6 Dec 2021

The world is seriously in bad shape when the President of a country thinks it’s cool to sit behind his laptop screen trading Bitcoin with his countries resources (present and future) tweeting away at all and sundry how cool he is and how big his gonads are. I have been trading 20+ years and I wouldn’t have the temerity to brag about catching the bottom and then going online and roasting all those who are calling out his reckless behaviour.

I turned on my computer Saturday night after a 24hr screen detox and saw the Bitcoin price in freefall down more than 12%, it turns that was a lot higher than where it got to as the market liquidated leveraged longs. The market got down to $42k which was a drop of more than 20% in the space of a couple of hours, that is pretty breath-taking. The part that shocked me most was not the price drop but the lack of coverage on any mainstream media. There was no talk on Bloomberg, and reading the Monday morning Australian Financial Review still no word.

I am not 100% sure what to make of the liquidation numbers on the various exchanges. While there was a spike it has not resulted in any major bankruptcies that I am aware of. I will be watching out for news of any exchanges in trouble but why is there no panic ????

Meanwhile the broader equity markets are vulnerable with the Nasdaq leading down more than 2% on Friday. Interesting that traders were closing out shorts in the build up to the recent selloff as the bullish sentiment took hold. Once again confirming that one needs to be brave and contrarian at market sentiment extremes.

The Mighty Dollar continues to feel the love and it will be interesting to see if the anticipated interest hikes are able to match the demand for the buck. Its possible that it is acting as a safe haven in a world of uncertainty. By the way Gold is starting to look interesting again but has yet to break out properly to the upside.

Oil continues to trade down, I note with interest that Rivian that electric car company with a more bullish valuation than Tesla is now trading at the price of its IPO less than a month ago. I see this stock as a poster child for the EV (electric vehicle) mania.

Something that caught my eye was the massive increase in container production in China see below image which accounts for 95% of the worlds container supply. There has been a serious shortage of container space during the recent Covid supply chain shocks. If China is slowing down as an economy and many of the main commodities are trending lower then perhaps this massive increase in shipping capacity might be another support for the inflation is transitory debate as this surge in supply is likely to drive prices of shipping down. By the way here I am pushing on a string that inflation is likely to top out by the end of next year and prove to be more transitory than what the market currently anticipates and Jerome Powell at the Fed who coined the term has abandoned the “transitory” term from the Fed’s official minutes based on the current slew of inflation data points. Yet I am saying we could see a strong decline in the cost of shipping and more broadly. This is how price discovery works in a free market. If there is a shortage of supply due to an increased demand then you need to satisfy that demand with more supply. Manufacturers of containers are incentivised to increase the supply and profit from the excess demand. The challenge is that it takes time to build much more containers than you typically need so the manufacturers have to forecast demand and then take the risk of an entrepreneur to satisfy the anticipated demand. If the forecast demand does not materialise then the manufacturer will be forced to cut its prices to sell the stock it has on hand either at lower margins or at a loss. The travails of a businessman. Manufacturers will be forced to drop prices to increase demand if my fears about the Chinese economy and the 4th Covid wave in the northern hemisphere prove to place a brake on the current economic upswing. This is price discovery in a free market and its healthy in the long run.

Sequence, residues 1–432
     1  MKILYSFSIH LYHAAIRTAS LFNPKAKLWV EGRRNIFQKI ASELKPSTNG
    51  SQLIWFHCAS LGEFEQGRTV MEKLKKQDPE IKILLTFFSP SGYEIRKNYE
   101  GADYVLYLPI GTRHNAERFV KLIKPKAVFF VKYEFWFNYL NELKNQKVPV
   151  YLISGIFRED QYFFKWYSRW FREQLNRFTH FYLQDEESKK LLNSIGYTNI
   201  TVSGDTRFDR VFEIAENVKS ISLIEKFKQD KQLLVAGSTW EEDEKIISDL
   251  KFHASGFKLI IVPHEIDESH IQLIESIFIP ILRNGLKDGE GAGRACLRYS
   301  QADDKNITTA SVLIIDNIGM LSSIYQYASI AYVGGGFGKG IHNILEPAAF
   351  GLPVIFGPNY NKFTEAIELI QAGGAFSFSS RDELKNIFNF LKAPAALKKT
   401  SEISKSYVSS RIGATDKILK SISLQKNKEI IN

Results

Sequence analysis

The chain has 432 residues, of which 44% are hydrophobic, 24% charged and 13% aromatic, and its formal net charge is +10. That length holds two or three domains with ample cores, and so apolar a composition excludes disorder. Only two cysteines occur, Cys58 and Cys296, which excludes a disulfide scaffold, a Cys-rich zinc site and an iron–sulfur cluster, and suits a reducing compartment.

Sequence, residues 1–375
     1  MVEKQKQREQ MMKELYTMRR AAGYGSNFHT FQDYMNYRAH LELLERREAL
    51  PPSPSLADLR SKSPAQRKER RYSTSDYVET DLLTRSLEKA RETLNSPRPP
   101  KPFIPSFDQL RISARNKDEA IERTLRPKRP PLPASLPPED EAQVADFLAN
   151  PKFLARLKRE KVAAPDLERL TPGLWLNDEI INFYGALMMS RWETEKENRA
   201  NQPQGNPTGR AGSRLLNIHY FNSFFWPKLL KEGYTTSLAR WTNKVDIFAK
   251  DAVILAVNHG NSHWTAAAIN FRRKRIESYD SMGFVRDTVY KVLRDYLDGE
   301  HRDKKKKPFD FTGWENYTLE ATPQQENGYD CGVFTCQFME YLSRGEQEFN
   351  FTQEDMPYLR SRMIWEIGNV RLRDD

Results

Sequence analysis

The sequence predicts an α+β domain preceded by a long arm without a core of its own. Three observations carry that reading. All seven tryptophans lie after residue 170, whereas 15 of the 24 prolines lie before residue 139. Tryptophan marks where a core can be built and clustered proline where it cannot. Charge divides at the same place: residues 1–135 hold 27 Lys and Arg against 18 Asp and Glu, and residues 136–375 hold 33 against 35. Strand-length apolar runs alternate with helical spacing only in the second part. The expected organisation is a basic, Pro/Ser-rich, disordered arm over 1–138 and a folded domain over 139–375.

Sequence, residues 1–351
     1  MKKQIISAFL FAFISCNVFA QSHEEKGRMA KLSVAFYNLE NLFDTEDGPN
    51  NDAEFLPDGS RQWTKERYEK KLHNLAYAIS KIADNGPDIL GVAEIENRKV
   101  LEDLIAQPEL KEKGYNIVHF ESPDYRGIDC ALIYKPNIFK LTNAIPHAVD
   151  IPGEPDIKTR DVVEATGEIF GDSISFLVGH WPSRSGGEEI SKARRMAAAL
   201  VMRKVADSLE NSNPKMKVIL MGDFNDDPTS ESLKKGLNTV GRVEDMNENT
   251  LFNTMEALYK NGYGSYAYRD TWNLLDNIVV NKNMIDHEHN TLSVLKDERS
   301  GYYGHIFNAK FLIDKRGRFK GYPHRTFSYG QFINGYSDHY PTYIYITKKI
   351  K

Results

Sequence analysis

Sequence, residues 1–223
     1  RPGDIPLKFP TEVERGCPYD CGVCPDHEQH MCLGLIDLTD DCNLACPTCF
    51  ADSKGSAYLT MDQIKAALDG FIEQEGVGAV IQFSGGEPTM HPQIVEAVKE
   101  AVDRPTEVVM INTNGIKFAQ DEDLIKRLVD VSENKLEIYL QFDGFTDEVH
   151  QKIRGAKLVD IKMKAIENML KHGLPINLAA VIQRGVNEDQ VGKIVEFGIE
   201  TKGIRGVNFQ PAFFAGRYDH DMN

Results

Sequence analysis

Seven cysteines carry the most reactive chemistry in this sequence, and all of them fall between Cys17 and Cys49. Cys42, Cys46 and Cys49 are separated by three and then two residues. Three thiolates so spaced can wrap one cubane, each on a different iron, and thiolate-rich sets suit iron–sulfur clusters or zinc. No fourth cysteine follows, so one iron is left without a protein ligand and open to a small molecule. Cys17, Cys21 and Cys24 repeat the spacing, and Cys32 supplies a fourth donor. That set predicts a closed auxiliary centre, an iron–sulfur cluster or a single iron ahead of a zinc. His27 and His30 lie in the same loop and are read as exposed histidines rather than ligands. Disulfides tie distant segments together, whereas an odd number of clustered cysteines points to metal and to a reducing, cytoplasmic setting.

Interest rates at 5000 year lows with governments doing whatever it takes using fancy tricks of yield curve manipulation and printing money with imaginary debits and credits is a good example of a free market gone wrong and artificial price discovery. In the end the powerful forces of the free market will flex their muscles and we will get a market allowed to partake of the ancient art of price discovery.

JP Morgan

A quick post script to when I wrote this, I just came across this chart which echoes exactly what I was saying above.

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